Mycology is the branch of biology devoted to the study of fungi (mushrooms), which, we're increasingly learning, are truly astonishing in what they can do. With the support of a grant from the EPA, a team of Washington State University scientists is developing a mycofiltration system to purify storm water of bacteria before it re-enters the urban water supply. Professor Marc Beutel is an environmental engineer who has joined forces with renowned mycologist Paul Stamets of Fungi Perfecti, a research laboratory and retail company also in Washington State. Together they have completed the first phase of a study titled Mycofiltration Biotechnology for Pathogen Management, wherein they have successfully used fungi to create a "living net" to filter effluent bacteria. The project was funded by an EPA Small Business Innovative Research (SBIR) award.
[Water runoff filtered through mycobooms, courtesy of Fungi Perfecti]
Certain types of fungi eat things that we would rather not have in our water supply, like bacteria. Since earlier work had strongly suggested that mycelia (networks of fungi) could be purposed for filtration, this study chose to use a really threatening pathogen, E. coli, and to test filtration under storm water runoff conditions, which in Washington State are significant. The goal was to meet current industry standards for water purification under laboratory conditions. The mycofilter had to be durable, "not significantly impacted by excessive heat, cold, saturation, or dehydration," as well as having a robust filtration capacity.
Of the 30 varieties of fungi the team started out testing, one in particular demonstrated the characteristics they required. The process of testing involved innoculating a clump of wood chips and straw with the mycelium and subjecting it to an effluent containing the bacteria in both sediment-bound and free-floating forms. Subsequent water quality testing showed that the E. coli was virtually entirely removed. Moreover, the mycofilters were just as successful at removing the pathogen when they were reused, demonstrating the resiliency of the mycostrain.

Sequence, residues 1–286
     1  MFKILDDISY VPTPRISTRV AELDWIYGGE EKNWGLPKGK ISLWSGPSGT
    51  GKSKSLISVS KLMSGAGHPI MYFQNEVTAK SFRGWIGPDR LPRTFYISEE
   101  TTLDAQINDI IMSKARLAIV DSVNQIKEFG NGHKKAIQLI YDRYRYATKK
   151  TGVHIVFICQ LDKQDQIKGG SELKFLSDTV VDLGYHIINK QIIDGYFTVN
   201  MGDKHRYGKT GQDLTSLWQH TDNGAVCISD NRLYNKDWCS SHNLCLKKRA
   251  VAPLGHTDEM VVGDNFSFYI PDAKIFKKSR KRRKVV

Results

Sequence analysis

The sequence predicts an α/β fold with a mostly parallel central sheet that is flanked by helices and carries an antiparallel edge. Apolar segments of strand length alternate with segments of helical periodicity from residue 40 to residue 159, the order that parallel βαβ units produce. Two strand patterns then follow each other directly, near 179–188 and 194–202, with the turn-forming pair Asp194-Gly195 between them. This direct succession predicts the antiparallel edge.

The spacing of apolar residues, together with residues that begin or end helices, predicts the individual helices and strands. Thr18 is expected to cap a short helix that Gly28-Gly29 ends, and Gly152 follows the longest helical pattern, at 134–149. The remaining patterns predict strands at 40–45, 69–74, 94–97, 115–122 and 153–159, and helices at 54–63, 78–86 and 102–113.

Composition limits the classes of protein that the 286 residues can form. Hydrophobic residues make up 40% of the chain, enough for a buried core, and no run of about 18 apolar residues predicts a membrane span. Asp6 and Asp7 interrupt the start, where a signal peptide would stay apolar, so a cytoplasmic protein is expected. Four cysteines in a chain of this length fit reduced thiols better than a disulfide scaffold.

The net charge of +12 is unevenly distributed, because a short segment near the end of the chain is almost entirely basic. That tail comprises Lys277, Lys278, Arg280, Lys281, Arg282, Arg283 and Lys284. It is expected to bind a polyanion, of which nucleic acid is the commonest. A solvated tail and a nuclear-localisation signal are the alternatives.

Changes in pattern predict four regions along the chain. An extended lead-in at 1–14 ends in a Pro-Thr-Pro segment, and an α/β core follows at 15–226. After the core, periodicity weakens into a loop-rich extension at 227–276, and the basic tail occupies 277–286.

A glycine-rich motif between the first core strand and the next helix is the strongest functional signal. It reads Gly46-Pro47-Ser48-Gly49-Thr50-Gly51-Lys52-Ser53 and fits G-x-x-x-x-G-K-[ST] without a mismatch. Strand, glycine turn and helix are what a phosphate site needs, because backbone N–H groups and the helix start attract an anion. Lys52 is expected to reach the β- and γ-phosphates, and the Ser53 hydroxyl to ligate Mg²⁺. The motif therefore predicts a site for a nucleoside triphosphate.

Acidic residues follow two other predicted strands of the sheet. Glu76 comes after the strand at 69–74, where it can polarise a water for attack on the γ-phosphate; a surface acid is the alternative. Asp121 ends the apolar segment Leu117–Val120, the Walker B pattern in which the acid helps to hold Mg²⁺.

[Mycelium, or fungal network, under a microscope, courtesy of Wikipedia]
Water purification is a serious problem worldwide. While good filtration systems exist, they can be expensive to implement and maintain, particularly to stand up to stormwater conditions. Chemicals such as chlorine are regularly utilized to kill off pathogens, but then the chemicals typically need to be removed or neutralized. The elegance of mycofiltration is that performs its task naturally and adds no further contaminants to the water. In fact, the fungi actually neutralize the bacteria in the process of consuming it as food, so that the used mycofilters can be composted later without toxifying the soil. Finally, mycofiltration is inexpensive. Win-win.
Earlier successful uses of fungi for purification include bioremediation of petroleum in contaminated waters, such as after an oil spill. "Mycobooms" created by filling porous bags with mycelium-infused straw and floating them in oil-spill areas ate the floating petrol. The resulting fungi that grew from the booms were actually edible.
Mycological enthusiasts like Stamets have long sung the praises of fungi for environmental and health benefits. What is perhaps unique about this project with the Washington State University team is that it caught the attention and funding of the EPA, and that the testing was done to see if mycofilters could perform up to governmental standards for public water sources. Innovative, collaborative biotechnology research like this, with government, academic, and private sector participation is more than a little promising for a sustainable future, as well as business growth in Washington.
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